Excerpts from Documentary Short Subjects:
The first film we saw was The Barber of Birmingham: Foot Soldier of the Civil Rights Movement, by Robin Fryday (director-producer) and Gail Dolgin (director-producer). We watched the story of 85-year-old Mr. Armstrong reflect on history and the possibility of Barack Obama becoming president. During the panel, we learned how Mr. Armstrong became the focus and learned a bit about his history in Alabama. We also learned that Dolgin passed away of Breast Cancer and how the film was important to her.
During God Is the Bigger Elvis, by Rebecca Cammisa (director-producer) and Julie Anderson (producer), we were intrigued when we watched former actress Dolores Hart speak about what it was like to co-star in a movie with Elvis, then leave Hollywood to become a Benedictine nun. Anderson and Cammisa discussed how they found Hart, the types of interview questions they asked her surrounding abortion, sex and stated that she very modern although she was a nun.
The next film was shocking, informative and enlightened us about the rampant acid attacks in India. On screen, we gasped and sympathized when we saw female Pakistani burn victims inflicted by their angry husbands in Saving Face, by Daniel Junge (director-producer) and Sharmen Obaid-Chinoy (director-producer).
The next film took us on an emotional roller coaster where we fought back tears while watching The Tsunami and the Cherry Blossom. Tsunami victims recalled the horror of seeing loved ones die right in front of their very eyes. They had to cope with the idea of relatives who've gone missing. Watching the wreckage was heart-wrenching. During hte panel, Lucy Walker (director-producer) and Kira Carstensen (producer) discussed the adventure of capturing the story and deciding to make the documentary on a whim. Walker and Carstensen shared what it was like facing radiation in Japan, dealing with 7.0 aftershocks, surviving without basic amenities and interviewing victims.
Incident in New Baghdad, by James Spione (director-producer), gave us a bitter taste of what it was like in the middle of the Iraq War, witnessing children injured only to find it was at the hands of the American army. We cringed at the gruesome descriptions of how badly kids were hurt and how the soldier reflected on the incidents and thought about his own children of the same age. During the panel, Spione discussed the Wiki Leaks and how it played a part in making the film.
|Documentary Feature directors and producers|
Excerpts from Documentary Features:
In Hell and Back Again, we were concerned when we watched a war veteran suffering from post traumatic stress disorder, contemplating suicide and pointing a gun at his girlfriend.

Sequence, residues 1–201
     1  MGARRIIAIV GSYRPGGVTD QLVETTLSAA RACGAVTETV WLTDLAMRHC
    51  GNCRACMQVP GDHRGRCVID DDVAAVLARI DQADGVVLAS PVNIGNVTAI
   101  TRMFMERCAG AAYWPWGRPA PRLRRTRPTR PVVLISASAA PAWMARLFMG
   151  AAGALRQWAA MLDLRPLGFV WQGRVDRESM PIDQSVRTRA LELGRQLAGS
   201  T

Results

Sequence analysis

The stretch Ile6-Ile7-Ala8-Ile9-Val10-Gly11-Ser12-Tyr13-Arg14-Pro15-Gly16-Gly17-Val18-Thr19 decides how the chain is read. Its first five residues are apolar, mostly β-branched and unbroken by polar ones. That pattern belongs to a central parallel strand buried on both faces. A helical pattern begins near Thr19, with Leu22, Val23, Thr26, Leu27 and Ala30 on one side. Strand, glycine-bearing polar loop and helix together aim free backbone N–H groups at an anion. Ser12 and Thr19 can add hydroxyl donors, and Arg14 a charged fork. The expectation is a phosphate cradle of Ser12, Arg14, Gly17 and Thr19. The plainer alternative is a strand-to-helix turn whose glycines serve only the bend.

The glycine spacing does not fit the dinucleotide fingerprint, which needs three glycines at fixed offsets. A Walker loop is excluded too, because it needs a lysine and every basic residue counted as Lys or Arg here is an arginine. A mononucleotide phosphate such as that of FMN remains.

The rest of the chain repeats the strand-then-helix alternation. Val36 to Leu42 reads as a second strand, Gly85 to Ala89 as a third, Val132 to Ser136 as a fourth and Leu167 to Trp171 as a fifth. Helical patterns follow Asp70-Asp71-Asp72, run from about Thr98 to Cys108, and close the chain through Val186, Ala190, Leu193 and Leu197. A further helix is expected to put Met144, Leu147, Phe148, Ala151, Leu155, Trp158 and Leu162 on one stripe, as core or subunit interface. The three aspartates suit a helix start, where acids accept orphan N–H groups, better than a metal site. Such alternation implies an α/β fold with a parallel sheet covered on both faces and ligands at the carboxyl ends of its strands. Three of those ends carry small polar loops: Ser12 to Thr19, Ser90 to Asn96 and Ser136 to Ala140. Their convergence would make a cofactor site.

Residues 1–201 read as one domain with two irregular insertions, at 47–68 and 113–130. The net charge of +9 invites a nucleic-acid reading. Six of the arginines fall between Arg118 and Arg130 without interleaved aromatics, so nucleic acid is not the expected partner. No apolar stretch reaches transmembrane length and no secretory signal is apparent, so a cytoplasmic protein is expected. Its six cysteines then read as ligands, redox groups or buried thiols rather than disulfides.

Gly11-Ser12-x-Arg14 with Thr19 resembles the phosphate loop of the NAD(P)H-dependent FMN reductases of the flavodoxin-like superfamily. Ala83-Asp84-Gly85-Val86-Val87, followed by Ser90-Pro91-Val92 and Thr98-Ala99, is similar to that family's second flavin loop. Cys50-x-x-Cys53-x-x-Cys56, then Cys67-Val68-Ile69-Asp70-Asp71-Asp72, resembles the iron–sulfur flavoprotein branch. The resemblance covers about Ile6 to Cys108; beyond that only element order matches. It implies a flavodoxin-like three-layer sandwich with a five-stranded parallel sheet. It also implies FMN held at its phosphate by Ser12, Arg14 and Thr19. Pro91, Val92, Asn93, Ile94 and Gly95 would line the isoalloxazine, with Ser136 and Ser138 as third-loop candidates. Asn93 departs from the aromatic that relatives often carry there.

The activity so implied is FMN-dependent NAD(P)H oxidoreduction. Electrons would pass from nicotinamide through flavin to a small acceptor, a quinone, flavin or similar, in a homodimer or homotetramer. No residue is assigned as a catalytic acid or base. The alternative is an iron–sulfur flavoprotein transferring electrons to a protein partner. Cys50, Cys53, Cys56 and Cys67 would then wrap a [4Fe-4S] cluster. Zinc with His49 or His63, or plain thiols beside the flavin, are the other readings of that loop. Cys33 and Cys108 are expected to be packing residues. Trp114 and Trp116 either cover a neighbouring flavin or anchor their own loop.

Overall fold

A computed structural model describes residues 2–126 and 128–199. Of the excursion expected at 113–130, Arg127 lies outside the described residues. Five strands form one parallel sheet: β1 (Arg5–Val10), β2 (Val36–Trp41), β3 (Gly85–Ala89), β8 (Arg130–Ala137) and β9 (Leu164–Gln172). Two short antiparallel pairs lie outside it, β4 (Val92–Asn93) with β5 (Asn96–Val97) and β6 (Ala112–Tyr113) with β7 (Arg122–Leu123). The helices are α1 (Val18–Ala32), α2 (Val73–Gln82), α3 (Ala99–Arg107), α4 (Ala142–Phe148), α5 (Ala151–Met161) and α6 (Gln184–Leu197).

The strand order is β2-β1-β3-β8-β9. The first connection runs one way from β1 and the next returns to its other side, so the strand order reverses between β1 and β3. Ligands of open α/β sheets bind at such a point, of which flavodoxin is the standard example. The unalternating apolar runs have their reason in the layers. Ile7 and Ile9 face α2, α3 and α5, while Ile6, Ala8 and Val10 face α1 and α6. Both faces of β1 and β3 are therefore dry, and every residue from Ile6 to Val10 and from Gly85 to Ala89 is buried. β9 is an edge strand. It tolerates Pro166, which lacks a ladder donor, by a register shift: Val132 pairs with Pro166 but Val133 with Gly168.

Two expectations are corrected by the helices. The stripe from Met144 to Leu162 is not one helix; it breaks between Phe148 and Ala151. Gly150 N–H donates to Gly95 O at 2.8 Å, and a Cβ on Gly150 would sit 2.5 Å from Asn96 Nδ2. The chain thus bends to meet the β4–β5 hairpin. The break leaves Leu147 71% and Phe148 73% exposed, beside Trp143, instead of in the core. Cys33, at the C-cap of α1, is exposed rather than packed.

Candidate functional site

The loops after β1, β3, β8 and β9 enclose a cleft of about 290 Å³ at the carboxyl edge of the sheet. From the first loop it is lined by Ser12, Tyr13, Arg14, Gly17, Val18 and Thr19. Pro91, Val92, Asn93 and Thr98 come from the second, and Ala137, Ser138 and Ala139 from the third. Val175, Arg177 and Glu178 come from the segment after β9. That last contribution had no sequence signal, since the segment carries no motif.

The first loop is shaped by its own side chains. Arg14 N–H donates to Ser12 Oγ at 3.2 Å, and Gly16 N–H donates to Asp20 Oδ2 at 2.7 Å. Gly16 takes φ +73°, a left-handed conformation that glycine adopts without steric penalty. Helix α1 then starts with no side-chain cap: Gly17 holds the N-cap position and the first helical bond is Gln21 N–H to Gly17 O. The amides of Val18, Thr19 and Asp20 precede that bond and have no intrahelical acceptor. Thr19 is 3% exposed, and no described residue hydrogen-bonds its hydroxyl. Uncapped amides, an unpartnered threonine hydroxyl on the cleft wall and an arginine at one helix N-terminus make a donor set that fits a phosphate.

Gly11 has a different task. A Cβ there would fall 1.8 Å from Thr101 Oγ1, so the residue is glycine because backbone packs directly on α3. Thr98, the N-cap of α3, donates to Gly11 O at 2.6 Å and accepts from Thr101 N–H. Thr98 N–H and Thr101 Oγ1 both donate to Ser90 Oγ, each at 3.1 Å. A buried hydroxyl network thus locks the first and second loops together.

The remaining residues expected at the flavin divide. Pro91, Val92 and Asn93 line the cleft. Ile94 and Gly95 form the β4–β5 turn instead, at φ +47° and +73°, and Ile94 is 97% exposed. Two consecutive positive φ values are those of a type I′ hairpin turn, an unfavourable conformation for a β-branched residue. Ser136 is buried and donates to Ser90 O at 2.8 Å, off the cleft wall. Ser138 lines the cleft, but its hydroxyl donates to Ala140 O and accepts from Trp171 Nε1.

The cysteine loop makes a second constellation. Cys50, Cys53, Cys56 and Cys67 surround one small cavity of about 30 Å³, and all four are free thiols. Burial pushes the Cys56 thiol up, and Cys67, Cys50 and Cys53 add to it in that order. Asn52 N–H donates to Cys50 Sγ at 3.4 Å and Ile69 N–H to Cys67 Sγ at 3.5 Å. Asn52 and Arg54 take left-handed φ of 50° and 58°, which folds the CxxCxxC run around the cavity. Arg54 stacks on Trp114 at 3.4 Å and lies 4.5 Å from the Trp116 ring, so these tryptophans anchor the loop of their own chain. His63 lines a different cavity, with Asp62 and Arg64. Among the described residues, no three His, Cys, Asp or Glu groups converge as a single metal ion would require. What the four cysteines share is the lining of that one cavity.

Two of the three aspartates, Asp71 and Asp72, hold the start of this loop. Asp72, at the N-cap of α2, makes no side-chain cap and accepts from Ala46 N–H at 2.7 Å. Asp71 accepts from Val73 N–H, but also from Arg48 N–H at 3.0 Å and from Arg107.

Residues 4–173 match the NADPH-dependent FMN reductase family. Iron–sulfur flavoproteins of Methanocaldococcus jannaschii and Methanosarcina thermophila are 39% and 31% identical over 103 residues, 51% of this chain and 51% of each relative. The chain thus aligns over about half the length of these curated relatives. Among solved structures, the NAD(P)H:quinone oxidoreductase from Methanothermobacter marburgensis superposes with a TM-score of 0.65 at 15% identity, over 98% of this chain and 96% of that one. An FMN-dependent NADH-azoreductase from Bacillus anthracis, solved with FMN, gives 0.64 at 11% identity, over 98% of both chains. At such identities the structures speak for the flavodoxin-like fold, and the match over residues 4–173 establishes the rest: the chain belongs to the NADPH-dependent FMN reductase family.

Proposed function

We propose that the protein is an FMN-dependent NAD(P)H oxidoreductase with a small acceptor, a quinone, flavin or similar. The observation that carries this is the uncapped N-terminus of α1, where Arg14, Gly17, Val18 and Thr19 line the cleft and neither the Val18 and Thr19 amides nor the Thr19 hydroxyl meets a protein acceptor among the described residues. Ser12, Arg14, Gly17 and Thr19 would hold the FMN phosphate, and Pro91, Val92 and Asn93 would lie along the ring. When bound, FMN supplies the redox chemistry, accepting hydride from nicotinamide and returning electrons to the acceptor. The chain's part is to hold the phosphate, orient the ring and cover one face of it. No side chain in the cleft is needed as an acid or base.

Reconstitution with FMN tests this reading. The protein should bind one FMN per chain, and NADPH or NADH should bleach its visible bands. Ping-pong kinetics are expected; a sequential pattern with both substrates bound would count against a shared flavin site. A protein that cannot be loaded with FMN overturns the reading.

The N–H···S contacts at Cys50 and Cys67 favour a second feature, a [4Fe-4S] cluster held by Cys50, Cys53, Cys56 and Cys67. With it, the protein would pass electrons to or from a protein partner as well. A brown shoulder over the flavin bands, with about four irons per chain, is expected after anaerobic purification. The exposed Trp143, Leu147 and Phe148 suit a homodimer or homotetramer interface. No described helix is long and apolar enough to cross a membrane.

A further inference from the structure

During Undefeated, we were rooting for an inner-city coach who went above and beyond his job description. TJ Martin directed along with Dan Lindsay (director-producer) and Rich Middemas (producer).
In Paradise Lost 3: Purgatory, we learned about a Damien Nichols who's been in prison for 18 years and discusses how his life stopped the minute he stepped into the confinement. We watched as Nichols described the changes he's noticed while living in prison, including getting older. During the panel, Joe Berlinger (director-producer) and Bruce Sinofsky (director) told the audience that because of their films, three individuals have been released from prison after evidence emerged and one of the freed inmates will attend the Oscar Awards show.
The next film definitely got a reaction from the crowd. When If a Tree Falls: A Story of the Earth Liberation Front was shown, the entire theater gasped as police officers in Oregon pepper sprayed peaceful protesters. The documentary follows former environmentalist Daniel McGowan. Marshall Curry (director-producer) and Bruce Sinofsky (director) discussed the film and the craziness of the era during the panel.
The last film we saw was a clip from Pina, a 3D documentary surrounding the beauty of interpretive dance by Pina Bausch. Wim Wenders and Gian-Piero Ringle produced and directed the film. We learned why the film was created and how the art of dance was a language that Wenders did not understand, therefore he felt the need to make the film to share the beauty with viewers of his documentary.
During the panel, the audience was told that "there's something about sitting in a dark theater alongside strangers watching films that garner emotion," Moore said. "People are social creatures." Theaters will never go away as long as long as people want to get out of their homes," Moore continued.
We hope he's right.
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